The Regional District of Central Kootenay has approved the purchase of a new Nelson transfer station site five kilometers west of the city, while leaving the door open to compensating its most affected neighbour.
The purchase of the 22-acre site at the end of Insight Drive was given the go-ahead last week as part of a $3.3 million plan to move the existing transfer station off the waterfront. Staff were instructed to work with nearby property owners to “ensure issues raised during the public consultation process … are appropriately addressed.”
Electronics manufacturer Pacific Insight protested the location, which will see trucks turn off the highway at their plant and go around it. They also felt left out of the loop.
However, director Ron Mickel, who chairs the central waste committee, says they will work with the company and keep its concerns in mind as the site is developed.
“We made some commitments that we would look at a compensation package based on expenses they’ve incurred setting up the infrastructure we will be benefitting from,” Mickel says, pointing to the left-turn lane Pacific Insight helped pay for, which regional district trucks will use.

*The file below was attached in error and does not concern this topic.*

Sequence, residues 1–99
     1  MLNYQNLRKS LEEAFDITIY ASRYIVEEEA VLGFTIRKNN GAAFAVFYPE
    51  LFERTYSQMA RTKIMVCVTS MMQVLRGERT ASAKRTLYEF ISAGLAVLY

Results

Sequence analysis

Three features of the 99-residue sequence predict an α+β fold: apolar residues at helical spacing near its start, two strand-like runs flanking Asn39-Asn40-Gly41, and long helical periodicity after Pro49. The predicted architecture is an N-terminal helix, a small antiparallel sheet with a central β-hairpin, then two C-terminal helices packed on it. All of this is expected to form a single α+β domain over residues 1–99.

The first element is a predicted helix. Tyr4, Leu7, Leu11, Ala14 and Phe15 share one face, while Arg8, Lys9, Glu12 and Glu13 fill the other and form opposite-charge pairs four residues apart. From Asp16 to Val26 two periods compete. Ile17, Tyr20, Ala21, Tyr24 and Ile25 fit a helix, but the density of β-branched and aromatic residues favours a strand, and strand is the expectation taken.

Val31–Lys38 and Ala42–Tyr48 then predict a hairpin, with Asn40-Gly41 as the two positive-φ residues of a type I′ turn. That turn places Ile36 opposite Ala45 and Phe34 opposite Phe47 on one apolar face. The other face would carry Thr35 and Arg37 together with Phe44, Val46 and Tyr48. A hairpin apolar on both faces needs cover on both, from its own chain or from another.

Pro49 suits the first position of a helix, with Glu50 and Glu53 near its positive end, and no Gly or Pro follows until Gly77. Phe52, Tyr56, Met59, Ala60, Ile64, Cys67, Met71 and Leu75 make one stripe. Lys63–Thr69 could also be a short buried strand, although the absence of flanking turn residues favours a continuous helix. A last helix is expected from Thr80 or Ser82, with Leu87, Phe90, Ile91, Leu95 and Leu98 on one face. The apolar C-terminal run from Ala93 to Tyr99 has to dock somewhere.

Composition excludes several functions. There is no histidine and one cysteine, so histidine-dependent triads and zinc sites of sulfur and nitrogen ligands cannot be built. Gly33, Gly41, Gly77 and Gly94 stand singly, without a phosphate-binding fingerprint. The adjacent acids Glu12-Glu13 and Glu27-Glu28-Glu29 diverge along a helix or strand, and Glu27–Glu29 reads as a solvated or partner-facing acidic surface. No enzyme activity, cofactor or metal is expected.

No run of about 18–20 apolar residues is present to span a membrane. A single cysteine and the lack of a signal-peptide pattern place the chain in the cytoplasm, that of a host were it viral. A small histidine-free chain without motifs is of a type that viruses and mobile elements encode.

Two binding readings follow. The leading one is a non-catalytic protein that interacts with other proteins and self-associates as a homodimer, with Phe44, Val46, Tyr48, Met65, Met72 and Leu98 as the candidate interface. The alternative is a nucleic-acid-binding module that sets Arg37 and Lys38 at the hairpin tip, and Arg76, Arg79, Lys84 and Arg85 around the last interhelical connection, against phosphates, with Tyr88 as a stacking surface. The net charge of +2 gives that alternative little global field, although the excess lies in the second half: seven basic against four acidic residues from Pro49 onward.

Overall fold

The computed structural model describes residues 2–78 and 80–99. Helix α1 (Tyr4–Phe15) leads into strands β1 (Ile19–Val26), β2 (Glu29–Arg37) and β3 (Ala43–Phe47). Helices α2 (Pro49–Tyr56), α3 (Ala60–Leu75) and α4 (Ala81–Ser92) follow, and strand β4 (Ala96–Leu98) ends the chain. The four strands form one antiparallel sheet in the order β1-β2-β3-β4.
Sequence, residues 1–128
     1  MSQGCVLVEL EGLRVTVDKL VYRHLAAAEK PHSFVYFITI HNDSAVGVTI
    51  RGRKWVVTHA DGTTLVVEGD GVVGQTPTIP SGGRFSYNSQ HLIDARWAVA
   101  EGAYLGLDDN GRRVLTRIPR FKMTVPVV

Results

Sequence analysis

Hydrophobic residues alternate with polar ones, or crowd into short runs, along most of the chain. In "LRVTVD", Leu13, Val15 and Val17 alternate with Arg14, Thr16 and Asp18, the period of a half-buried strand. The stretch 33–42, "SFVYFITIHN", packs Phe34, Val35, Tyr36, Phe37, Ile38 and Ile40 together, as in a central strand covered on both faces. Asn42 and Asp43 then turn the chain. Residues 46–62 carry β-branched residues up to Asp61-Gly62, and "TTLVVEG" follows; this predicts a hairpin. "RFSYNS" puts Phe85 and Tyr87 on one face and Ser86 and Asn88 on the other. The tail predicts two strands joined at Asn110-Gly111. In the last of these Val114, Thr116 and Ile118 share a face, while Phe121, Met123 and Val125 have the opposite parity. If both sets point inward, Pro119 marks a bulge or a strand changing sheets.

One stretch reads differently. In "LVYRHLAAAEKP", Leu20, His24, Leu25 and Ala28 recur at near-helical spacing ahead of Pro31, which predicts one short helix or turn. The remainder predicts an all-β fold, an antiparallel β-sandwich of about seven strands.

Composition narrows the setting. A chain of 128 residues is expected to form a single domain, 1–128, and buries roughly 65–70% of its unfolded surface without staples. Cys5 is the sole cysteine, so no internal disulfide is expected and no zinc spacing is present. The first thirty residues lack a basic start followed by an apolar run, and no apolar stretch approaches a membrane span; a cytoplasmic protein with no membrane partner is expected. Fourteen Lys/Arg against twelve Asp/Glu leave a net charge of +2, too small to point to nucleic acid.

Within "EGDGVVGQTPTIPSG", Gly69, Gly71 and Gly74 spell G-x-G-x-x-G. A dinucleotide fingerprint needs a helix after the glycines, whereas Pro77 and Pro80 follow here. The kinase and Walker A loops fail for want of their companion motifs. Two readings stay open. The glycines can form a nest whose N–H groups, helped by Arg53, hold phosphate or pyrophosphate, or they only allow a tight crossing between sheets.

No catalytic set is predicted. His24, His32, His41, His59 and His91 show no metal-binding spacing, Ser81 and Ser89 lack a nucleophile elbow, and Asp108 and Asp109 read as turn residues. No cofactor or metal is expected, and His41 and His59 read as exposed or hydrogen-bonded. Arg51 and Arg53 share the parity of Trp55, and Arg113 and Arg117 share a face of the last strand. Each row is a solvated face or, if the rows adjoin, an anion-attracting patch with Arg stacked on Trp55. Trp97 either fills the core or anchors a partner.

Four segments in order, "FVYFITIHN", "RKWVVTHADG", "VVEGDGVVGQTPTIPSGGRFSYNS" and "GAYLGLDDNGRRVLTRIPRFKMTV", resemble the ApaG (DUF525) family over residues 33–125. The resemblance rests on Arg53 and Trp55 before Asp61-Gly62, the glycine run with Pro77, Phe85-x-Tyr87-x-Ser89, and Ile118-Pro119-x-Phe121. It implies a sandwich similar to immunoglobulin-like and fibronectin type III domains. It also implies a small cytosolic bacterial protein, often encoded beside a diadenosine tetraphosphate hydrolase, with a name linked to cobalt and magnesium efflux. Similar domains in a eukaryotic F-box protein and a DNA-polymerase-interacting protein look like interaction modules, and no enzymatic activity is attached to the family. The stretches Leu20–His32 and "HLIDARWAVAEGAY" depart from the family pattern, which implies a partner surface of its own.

However, he adds nothing has been finalized, and the details will be worked out over the next several months. The regional district is also promising to work with the company to resolve any traffic issues.
Pacific Insight representatives addressed the committee this month, and Mickel says he sensed more of a willingness to cooperate.
“So they seem much more open to the idea … I’m not naive enough to think they’re totally happy but I think they realize we have to act in the public interest.”
He says the notion of compensating Insight was discussed before they made an offer on the property, and again at a recent public meeting.
“I don’t think we’re looking at huge sums here, but I think it’s more of a recognition of the benefits that we’re going to incur,” he says.
Mickel says as one of the area’s largest employers, Pacific Insight is a “very important constituent,” and pledged to “do everything we can to answer [their] concerns.”
Approval of the purchase followed a month-long public consultation. Commonly cited concerns included traffic safety and the potential for the transfer station to attract wildlife.
However, Mickel says the process confirmed the community generally supports moving the transfer station off the waterfront. Public suggestions will be considered during the design phase of what is expected to be a much improved facility.
The regional district will spend $610,000 to acquire the property from Richard and Faye Spilker, $2.5 million on capital costs to develop the site, and a further $170,000 on remediation of the existing transfer station.
Pacific Insight declined comment Monday.